Teaching Today for 21st Century Skills
It is estimated that over the next 10 years there will be two million unfilled ICT-related jobs globally, correlating with a projected talent gap of 8.2 percent by 2022. The 2014 Cisco Annual Security Report indicates a shortage of more than a million security professionals across the globe in 2014. In light of these projections, collaboration and dedication to meeting the critical demand for high-skill workers through strategic programs and collaborations for current and future generations will be needed.
Wanny Hersey, Principal of Bullis Charter School in Los Altos, has specific ideas about how to serve students in light of current and emerging technologies. She and her teachers have worked and thought hard to create an educational culture that prepares students for success in a world that will look quite different than it currently does. Students are learning critical skills that span how to be creative in problem solving, how to work together and how to understand the value of the learning process. Through project based learning, not only are students learning practical skills, but they are learning what questions to ask so they can create things that are solving the problems of the future.
An emphasis on STEAM (science, technology, engineering, art, and math) and creative skills will need to be central to curricula if we hope to fill critical talent shortages. Innovative, personalized approaches to education, such as the idea introduced at the Bullis School of “Focused Learning Goals” for every K-8 student based on each student’s unique needs, will be critical. As Wanny says, “Children learn at different rates.” They may also display mastery of a topic in different ways, so assessment of students must become individualized as well.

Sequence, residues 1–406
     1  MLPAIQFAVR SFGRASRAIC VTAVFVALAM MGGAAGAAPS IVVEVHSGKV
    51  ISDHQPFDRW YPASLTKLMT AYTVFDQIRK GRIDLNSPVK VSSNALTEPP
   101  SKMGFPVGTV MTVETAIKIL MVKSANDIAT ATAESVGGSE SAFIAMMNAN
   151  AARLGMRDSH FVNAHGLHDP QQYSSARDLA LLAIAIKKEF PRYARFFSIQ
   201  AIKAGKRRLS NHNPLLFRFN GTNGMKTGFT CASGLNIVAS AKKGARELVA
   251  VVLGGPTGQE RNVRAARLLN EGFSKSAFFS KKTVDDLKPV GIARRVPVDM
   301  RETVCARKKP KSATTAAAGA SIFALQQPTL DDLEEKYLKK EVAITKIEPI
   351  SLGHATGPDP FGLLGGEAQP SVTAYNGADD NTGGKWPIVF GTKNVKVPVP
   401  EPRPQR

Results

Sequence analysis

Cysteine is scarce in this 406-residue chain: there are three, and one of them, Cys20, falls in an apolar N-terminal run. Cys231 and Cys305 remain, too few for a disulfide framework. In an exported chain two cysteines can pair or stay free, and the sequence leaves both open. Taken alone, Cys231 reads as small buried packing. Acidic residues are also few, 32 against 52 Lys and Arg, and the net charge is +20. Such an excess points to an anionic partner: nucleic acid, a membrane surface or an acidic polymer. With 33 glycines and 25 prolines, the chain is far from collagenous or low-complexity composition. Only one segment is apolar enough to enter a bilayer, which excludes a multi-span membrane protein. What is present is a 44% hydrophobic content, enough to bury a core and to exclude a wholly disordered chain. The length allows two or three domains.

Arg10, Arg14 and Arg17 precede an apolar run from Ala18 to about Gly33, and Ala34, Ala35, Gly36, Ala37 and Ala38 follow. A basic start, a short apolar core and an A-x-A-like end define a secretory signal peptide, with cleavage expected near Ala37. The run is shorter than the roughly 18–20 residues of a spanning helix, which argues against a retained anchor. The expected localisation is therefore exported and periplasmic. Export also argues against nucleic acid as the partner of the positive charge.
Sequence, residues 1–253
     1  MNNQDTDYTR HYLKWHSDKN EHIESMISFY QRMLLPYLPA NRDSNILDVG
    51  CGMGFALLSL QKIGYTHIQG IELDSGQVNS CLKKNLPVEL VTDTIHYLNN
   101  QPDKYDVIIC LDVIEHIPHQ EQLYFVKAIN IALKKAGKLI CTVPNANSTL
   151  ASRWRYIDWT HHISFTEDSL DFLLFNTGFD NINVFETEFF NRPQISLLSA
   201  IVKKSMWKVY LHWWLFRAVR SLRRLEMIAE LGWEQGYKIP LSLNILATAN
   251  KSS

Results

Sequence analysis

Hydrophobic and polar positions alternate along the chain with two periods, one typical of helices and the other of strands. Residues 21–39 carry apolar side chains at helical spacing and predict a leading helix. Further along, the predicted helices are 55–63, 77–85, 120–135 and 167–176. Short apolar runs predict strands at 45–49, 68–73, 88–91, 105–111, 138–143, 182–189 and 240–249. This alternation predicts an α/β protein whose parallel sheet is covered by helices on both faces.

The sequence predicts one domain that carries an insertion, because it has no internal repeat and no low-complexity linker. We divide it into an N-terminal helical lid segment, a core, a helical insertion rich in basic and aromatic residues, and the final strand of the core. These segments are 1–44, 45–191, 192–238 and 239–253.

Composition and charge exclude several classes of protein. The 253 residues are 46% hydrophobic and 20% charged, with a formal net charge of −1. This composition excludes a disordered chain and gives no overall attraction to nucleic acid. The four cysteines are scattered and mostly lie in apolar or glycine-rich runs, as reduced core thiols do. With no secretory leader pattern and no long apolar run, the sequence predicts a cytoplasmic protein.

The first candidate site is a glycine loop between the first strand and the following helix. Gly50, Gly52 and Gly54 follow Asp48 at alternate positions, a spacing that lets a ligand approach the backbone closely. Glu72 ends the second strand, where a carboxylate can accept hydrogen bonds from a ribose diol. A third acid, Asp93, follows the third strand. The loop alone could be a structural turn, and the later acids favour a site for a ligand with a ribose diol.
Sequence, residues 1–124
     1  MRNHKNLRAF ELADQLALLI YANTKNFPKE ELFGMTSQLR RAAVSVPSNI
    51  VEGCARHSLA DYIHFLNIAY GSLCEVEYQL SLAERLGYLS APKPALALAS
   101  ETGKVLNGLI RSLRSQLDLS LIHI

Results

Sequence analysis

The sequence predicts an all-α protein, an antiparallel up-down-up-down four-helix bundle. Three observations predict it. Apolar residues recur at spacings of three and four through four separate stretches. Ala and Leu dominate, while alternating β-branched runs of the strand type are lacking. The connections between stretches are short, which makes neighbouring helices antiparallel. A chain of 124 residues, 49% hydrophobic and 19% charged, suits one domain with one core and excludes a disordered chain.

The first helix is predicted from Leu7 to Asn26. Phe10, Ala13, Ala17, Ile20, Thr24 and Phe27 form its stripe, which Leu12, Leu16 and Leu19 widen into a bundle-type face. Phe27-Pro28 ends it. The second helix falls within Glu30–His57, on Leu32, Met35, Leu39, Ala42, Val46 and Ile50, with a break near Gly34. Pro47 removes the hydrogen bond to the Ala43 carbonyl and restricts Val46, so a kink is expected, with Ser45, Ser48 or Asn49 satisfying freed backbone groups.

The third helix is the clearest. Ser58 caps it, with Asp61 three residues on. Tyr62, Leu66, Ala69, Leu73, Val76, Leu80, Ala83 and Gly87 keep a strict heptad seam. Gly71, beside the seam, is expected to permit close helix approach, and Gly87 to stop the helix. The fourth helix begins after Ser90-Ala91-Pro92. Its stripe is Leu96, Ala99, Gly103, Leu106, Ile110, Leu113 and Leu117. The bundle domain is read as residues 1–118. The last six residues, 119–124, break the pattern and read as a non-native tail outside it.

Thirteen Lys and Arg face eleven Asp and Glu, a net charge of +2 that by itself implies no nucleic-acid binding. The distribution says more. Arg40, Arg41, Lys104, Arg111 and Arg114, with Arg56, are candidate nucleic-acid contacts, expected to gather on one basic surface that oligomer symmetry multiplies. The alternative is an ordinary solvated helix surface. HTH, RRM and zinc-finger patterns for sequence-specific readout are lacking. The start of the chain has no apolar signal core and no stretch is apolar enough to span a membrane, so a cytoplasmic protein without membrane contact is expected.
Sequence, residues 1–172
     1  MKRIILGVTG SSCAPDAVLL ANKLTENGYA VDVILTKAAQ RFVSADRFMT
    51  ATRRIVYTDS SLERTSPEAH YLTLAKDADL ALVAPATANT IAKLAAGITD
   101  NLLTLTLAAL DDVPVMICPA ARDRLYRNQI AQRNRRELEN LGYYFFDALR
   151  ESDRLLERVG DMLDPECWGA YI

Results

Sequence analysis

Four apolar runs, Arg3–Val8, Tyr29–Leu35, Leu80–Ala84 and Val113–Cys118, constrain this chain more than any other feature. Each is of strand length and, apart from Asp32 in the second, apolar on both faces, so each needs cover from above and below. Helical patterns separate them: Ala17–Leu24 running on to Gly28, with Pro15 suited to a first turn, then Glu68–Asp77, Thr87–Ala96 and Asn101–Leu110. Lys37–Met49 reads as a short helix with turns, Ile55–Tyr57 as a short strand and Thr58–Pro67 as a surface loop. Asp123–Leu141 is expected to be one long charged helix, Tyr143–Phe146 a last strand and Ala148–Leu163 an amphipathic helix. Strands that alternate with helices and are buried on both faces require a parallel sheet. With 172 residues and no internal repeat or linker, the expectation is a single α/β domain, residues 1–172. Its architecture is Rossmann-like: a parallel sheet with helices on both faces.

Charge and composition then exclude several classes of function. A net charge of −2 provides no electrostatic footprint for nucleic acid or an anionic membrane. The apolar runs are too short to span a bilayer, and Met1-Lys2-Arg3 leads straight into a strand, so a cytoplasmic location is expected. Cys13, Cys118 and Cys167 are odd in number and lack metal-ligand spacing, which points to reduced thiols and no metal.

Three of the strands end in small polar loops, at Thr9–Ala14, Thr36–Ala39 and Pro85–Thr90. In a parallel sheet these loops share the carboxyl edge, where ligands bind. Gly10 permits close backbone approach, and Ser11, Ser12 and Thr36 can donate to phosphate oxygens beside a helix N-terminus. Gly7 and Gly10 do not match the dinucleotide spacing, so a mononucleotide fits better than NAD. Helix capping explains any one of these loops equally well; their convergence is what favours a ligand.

To help students feel comfortable with technology, Bullis has developed technology-focused Project Based Learning Units for each grade level, as well as design projects that require an age-appropriate level of technology proficiency. Eighth-graders also participate in longer projects each year that focus on STEAM subjects. The students must be able to explain their projects to a group and answer questions as well. As teacher Jessica Lura notes, “If you can’t explain it, you didn’t learn it.” This is one of the innovative methods Bullis uses to ensure immersion and mastery of a topic, and one that I hope other educational institutions will adopt soon.
STEAM education is not merely for students interested in pursuing careers in these fields. All jobs will be impacted by these changes, even non-high tech roles, regardless of industry. Robotics, automation, Big Data, analytics and security (both physical and cyber security) will become part of all of our daily lives. Workers of all stripes will need to be trained, skilled and experienced with technology.
Bullis Charter School provides a model of the kinds of individualized, whole-child learning approaches that will equip students with the skills our connected world requires. Watch the video below of my conversations with Wanny and Jessica and share your ideas on transforming the educational process to better prepare the workforce of tomorrow.